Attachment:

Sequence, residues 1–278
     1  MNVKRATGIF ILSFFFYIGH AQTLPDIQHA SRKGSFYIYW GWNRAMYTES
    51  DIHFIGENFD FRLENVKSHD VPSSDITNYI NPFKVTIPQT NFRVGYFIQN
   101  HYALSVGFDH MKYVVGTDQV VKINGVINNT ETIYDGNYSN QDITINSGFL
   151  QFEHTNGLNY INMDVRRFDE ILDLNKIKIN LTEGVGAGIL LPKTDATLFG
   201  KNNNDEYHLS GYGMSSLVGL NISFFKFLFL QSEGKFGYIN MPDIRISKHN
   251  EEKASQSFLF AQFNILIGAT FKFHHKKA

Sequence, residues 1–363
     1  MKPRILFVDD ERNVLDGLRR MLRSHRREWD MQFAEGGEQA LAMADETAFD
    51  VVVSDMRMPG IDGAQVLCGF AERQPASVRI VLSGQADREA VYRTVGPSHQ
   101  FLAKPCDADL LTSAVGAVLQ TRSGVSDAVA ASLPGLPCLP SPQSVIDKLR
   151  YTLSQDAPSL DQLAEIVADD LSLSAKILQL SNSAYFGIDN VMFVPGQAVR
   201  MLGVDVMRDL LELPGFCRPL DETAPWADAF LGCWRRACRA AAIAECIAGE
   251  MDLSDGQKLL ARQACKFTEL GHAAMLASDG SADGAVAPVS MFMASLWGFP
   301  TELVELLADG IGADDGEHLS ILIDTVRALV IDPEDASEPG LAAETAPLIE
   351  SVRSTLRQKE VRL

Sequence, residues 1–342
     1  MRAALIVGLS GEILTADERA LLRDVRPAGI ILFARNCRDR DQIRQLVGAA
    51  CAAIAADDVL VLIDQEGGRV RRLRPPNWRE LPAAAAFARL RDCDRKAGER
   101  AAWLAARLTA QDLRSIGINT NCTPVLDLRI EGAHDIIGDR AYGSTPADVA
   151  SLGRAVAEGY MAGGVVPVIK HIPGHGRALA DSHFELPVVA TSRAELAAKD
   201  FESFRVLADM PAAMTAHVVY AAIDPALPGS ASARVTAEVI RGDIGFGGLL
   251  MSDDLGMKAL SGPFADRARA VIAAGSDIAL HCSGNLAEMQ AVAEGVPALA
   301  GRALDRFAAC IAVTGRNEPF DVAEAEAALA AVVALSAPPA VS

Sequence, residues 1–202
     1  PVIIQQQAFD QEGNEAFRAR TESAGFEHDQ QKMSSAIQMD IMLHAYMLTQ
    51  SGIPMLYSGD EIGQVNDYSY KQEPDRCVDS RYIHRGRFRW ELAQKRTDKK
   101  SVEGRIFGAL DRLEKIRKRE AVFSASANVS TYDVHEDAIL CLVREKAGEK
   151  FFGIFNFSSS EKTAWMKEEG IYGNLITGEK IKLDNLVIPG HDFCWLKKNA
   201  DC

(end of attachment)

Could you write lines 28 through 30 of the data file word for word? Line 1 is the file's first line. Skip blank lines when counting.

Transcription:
   101  SVEGRIFGAL DRLEKIRKRE AVFSASANVS TYDVHEDAIL CLVREKAGEK
   151  FFGIFNFSSS EKTAWMKEEG IYGNLITGEK IKLDNLVIPG HDFCWLKKNA
   201  DC